|Submitted||March 2, 2014|
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To Whom It May Concern:
This is a request under the Freedom of Information Act. I hereby request the following records:
Any and all training manuals and/or modules, slide presentations, and memorandums of understanding (MOU) pertaining to National Guard Counterdrug Program participation in the Drug Enforcement Administration's Hemisphere program.
This request is based, in part, on recent revelations regarding the Northwest High Intensity Drug Trafficking Area program's Hemisphere Program:
This request is for any and all pertinent records between 1 January 2012 up to and including 30 August 2013.
Records analysts should use the following keywords: “Verizon”, “Verizon Wireless”, “AT&T”, “Sprint”, “T-Mobile”, “administrative subpoena”, “IMSI”, “IMEI”, and “call detail records”.
This request is not meant to be exclusive of any other records which, though not specifically requested, would have a reasonable relationship to the subject matter of this request.
If my request is denied in whole or part, I ask that you justify all deletions by reference to specific exemptions of the act. I will also expect to be provided with all segregable portions of otherwise exempt material. Please separately state your reasons for not invoking your discretionary powers to release the requested documents in the public interest.
Please provide expedited processing for this request.
I also request that, if appropriate, fees be waived as I believe this request is in the public interest. The requested documents will be made available to the general public free of charge as part of the public information service at MuckRock.com, processed by a representative of the news media/press and is made in the process of news gathering and not for commercial usage.
In the event that fees cannot be waived, I would be grateful if you would inform me of the total charges in advance of fulfilling my request. I would prefer the request filled electronically, by e-mail attachment if available or CD-ROM if not.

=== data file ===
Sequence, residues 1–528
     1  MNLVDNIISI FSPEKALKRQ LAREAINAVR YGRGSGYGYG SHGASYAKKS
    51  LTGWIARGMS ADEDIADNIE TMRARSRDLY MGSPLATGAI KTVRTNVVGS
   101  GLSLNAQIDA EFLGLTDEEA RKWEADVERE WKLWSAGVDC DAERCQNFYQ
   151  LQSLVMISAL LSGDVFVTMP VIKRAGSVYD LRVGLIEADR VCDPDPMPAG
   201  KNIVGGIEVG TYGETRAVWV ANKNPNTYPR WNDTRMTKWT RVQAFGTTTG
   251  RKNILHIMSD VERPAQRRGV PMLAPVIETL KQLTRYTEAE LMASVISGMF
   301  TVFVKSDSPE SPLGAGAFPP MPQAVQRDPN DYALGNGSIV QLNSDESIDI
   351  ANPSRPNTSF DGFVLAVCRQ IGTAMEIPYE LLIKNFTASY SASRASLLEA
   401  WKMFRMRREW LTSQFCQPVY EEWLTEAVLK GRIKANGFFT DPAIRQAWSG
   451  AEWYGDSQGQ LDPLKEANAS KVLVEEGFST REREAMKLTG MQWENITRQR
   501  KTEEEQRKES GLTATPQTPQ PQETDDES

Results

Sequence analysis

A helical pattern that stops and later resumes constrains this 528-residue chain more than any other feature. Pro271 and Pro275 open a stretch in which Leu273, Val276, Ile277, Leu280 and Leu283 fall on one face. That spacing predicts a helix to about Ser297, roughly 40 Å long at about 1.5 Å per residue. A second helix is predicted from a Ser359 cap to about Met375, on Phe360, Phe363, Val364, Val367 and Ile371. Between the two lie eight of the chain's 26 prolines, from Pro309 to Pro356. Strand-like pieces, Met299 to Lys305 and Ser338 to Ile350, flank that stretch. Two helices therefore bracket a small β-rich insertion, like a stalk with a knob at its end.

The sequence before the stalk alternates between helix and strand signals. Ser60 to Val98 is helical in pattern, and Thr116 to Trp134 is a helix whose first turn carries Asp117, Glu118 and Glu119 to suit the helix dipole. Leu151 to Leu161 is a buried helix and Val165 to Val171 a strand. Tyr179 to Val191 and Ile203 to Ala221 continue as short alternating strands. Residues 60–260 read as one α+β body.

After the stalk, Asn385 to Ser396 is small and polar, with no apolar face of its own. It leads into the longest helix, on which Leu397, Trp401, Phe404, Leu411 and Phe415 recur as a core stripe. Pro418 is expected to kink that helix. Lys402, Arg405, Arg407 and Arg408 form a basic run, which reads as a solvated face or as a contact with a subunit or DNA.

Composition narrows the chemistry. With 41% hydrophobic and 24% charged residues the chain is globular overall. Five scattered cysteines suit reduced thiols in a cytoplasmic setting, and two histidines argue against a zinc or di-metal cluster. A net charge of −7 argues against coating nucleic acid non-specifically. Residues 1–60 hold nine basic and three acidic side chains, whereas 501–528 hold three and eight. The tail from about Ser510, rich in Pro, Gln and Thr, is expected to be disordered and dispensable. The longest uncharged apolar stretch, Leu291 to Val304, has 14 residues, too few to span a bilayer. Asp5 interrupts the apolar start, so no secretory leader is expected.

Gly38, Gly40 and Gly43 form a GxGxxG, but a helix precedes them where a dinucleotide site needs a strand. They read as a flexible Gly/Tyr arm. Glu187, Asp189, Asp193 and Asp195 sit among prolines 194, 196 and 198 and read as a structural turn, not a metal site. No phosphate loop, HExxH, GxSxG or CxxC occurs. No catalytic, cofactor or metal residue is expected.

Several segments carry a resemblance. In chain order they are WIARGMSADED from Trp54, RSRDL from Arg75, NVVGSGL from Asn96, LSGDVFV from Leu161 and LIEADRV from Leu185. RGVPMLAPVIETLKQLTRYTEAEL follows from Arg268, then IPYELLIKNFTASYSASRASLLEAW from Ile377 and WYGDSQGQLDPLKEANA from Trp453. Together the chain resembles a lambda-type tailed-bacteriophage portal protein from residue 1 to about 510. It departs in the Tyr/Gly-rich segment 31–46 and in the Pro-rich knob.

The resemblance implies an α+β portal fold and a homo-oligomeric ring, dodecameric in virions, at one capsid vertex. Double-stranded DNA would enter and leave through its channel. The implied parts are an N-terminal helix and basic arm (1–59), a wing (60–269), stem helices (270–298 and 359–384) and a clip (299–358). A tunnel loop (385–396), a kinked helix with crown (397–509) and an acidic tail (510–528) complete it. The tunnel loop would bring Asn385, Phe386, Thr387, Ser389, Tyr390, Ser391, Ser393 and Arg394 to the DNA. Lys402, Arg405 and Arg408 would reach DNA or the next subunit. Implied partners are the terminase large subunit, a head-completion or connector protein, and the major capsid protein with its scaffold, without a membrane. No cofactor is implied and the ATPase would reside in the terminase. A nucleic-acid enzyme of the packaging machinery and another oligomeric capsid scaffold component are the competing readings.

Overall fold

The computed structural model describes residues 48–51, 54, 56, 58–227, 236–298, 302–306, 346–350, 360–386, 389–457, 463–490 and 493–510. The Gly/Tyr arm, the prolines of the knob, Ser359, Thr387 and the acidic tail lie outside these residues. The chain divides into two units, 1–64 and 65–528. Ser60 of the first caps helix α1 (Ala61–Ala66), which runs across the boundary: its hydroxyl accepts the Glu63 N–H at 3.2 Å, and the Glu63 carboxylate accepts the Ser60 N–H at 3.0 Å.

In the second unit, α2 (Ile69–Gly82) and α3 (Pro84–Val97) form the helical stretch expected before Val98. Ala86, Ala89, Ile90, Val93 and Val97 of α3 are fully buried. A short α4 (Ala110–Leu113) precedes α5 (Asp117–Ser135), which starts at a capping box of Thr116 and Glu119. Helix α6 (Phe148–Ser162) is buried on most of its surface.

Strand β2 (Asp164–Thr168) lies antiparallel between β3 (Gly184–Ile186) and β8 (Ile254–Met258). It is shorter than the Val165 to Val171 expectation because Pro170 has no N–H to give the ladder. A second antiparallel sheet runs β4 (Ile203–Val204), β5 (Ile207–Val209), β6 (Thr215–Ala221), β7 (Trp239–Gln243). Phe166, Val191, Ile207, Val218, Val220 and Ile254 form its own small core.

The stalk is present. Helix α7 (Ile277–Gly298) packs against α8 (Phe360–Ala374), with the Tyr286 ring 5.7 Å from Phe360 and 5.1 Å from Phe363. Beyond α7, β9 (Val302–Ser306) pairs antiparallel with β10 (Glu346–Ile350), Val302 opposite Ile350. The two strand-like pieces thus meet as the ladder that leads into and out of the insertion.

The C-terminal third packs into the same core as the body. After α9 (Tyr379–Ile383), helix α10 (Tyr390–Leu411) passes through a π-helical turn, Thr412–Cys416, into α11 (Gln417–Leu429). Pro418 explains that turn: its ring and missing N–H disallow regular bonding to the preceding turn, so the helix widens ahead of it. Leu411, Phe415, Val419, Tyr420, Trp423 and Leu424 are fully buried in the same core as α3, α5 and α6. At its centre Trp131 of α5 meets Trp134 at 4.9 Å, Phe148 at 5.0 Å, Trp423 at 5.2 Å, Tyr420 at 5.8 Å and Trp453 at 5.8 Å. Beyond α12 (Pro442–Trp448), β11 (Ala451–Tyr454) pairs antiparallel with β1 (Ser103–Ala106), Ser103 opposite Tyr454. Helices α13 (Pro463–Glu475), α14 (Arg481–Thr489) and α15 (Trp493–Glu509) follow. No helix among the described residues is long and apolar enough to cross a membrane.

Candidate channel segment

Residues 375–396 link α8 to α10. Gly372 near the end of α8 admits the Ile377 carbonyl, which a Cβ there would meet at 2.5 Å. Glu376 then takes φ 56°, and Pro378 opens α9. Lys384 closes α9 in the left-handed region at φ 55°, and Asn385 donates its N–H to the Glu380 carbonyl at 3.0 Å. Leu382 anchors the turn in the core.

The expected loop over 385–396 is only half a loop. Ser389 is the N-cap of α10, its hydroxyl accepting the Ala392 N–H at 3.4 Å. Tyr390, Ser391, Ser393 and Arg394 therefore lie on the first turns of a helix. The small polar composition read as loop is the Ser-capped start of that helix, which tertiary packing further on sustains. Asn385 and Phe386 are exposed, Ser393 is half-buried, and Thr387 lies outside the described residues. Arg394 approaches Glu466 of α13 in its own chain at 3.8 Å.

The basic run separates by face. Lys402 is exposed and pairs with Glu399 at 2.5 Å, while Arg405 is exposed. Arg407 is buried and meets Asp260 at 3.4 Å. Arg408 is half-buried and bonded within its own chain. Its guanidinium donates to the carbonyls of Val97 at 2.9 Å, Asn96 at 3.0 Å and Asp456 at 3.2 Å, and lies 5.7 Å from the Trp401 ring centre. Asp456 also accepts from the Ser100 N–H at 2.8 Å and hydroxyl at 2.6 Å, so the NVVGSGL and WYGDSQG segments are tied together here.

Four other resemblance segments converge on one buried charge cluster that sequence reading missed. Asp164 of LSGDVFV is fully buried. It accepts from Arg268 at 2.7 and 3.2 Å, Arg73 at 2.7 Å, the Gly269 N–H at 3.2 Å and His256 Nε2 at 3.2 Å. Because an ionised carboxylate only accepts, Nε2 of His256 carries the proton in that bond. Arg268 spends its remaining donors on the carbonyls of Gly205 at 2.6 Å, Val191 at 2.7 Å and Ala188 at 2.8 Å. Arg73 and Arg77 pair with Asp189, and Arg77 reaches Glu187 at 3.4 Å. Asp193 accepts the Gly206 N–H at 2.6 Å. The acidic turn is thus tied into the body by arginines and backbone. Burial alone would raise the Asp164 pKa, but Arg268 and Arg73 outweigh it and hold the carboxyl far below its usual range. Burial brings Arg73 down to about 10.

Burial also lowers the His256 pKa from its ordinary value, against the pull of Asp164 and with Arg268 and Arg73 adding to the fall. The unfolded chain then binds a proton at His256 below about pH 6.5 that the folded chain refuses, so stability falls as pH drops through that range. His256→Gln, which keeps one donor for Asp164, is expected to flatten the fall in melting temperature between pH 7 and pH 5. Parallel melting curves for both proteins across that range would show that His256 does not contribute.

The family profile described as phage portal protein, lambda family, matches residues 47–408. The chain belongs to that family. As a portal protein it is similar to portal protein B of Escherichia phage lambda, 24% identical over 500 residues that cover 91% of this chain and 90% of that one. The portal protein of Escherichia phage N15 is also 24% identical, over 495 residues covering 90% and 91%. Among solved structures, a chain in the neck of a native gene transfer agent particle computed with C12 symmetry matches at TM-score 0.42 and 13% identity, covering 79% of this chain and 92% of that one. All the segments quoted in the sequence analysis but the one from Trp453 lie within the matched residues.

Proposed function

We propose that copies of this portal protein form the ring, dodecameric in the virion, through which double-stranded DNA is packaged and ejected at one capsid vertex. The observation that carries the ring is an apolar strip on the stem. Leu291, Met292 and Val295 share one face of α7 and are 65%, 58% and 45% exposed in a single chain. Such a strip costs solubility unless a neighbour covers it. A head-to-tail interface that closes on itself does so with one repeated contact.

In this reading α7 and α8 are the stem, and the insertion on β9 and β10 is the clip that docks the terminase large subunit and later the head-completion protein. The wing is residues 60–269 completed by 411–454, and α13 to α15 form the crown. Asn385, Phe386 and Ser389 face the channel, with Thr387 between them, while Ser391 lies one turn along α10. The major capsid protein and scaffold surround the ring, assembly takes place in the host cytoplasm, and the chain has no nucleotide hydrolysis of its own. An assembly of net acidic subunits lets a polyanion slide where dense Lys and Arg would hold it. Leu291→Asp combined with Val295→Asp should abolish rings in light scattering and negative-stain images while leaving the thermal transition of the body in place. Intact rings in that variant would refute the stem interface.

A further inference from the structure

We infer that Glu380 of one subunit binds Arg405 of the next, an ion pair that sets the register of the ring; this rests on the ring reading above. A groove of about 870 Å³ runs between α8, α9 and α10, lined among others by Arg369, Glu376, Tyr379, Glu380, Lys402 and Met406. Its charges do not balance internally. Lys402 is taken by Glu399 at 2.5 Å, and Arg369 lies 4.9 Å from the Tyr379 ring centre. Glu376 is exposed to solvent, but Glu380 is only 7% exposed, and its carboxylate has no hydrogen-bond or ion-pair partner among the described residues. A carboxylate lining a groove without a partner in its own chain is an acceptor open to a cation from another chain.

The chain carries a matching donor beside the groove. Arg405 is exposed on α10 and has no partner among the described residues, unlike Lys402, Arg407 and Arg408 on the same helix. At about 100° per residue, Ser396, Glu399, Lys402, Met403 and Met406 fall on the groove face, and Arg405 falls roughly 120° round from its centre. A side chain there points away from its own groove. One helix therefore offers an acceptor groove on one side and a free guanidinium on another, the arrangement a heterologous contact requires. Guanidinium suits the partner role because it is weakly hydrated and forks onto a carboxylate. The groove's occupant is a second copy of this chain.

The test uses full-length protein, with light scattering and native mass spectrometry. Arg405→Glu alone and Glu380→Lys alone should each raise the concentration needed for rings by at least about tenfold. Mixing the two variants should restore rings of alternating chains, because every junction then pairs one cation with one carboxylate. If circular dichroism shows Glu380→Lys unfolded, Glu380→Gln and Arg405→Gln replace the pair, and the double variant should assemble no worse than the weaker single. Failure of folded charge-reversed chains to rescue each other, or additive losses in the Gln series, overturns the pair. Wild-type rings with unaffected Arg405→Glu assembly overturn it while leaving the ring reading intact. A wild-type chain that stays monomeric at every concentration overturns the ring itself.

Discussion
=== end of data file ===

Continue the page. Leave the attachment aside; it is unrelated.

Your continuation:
Thank you in advance for your anticipated cooperation in this matter. I look forward to receiving your response to this request within 20 business days, as the statute requires.
An acknowledgement letter, stating the request is being processed.
Dear Mr. Hogan,
This letter serves as a formal appeal to the National Guard Bureau FOIP Office's denial of my expedited processing request regarding case #J-14-0067.
Of the four categories NGB uses as criteria for determining whether to grant an expedited processing request, your office cited exemption #2.
NGB states that the request does not meet an "urgently needed" threshold. This is incorrect. The New York Times on 1 September 2013 published a story on the Drug Enforcement Administration Hemisphere program: http://www.nytimes.com/2013/09/02/us/drug-agents-use-vast-phone-trove-eclipsing-nsas.html?_r=1&
Furthermore, this requester has been and continues to be engaged in the dissemination of information, as evidenced by articles in online publications ranging from Salon, Truthout, The Public Record, and MuckRock News, among others.
Any potential National Guard Counterdrug program involvement in the access or collection of massive amounts of American telephone records is of the highest public importance. With ongoing revelations of domestic surveillance by the federal government, National Guard participation in domestic phone records collection undoubtedly falls into the "urgently needed" information category; just as Hemisphere or similar programs not yet publicly disclosed raise important Fourth Amendment issues, any revelations of National Guard activity in the domestic surveillance sphere should be part of the public discourse too.
In conclusion, NGB's assertion that potential National Guard domestic phone record collection, or access to thereof, isn't "urgent" flies in the face of public outrage and robust debate currently taking place around revelations of widespread collection of American phone records. These revelations were rushed to the public's attention by major media organizations including The New York Times, The Guardian, the Washington Post, as well as legal advocacy organizations such as The American Civil Liberties Union, Electronic Frontier Foundation, and the National Lawyers Guild among others.
Any National Guard participation in Hemisphere or similar programs, therefore, must also be rushed to the public's attention, which is why I strongly urge your agency to reconsider its denial for expedited processing.
Thank you for your time and consideration regarding this appeal, and I look forward to your timely response as the statute requires.
Dear Mr. Hogan,
This is a follow-up to case #J-14-0067. Please let me know when I can expect an estimated time of completion to this request, as required under 5 U.S.C. § 552.
Please be advised that I am prepared to refer this case to the Office of Government Information Services for mediation this week if your office refuses to fulfill its statutory obligations regarding my appeal for expedited processing sent 13 April 2014.
I am also prepared to litigate this matter failing successful OGIS mediation.
Thank you for your time and consideration.
A no responsive documents response.
A letter stating that the request appeal has been rejected.